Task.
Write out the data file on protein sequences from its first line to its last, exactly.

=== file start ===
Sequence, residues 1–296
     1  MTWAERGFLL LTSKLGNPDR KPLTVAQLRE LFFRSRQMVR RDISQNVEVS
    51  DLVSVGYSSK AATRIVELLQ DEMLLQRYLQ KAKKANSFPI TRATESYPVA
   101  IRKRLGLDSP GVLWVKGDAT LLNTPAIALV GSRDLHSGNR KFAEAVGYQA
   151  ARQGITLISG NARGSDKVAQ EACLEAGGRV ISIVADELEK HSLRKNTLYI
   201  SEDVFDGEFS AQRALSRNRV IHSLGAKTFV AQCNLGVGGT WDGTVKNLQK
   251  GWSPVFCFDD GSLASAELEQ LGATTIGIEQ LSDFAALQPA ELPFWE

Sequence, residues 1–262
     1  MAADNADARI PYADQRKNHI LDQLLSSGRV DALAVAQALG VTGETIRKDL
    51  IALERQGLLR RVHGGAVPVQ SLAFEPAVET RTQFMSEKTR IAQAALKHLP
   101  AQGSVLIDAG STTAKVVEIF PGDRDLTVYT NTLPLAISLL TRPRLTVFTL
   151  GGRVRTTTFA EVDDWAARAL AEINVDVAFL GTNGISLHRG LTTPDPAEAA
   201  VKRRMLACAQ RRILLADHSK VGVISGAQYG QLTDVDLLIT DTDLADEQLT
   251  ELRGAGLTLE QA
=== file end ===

Sequence, residues 1–296
     1  MTWAERGFLL LTSKLGNPDR KPLTVAQLRE LFFRSRQMVR RDISQNVEVS
    51  DLVSVGYSSK AATRIVELLQ DEMLLQRYLQ KAKKANSFPI TRATESYPVA
   101  IRKRLGLDSP GVLWVKGDAT LLNTPAIALV GSRDLHSGNR KFAEAVGYQA
   151  ARQGITLISG NARGSDKVAQ EACLEAGGRV ISIVADELEK HSLRKNTLYI
   201  SEDVFDGEFS AQRALSRNRV IHSLGAKTFV AQCNLGVGGT WDGTVKNLQK
   251  GWSPVFCFDD GSLASAELEQ LGATTIGIEQ LSDFAALQPA ELPFWE

Sequence, residues 1–262
     1  MAADNADARI PYADQRKNHI LDQLLSSGRV DALAVAQALG VTGETIRKDL
    51  IALERQGLLR RVHGGAVPVQ SLAFEPAVET RTQFMSEKTR IAQAALKHLP
   101  AQGSVLIDAG STTAKVVEIF PGDRDLTVYT NTLPLAISLL TRPRLTVFTL
   151  GGRVRTTTFA EVDDWAARAL AEINVDVAFL GTNGISLHRG LTTPDPAEAA
   201  VKRRMLACAQ RRILLADHSK VGVISGAQYG QLTDVDLLIT DTDLADEQLT
   251  ELRGAGLTLE QA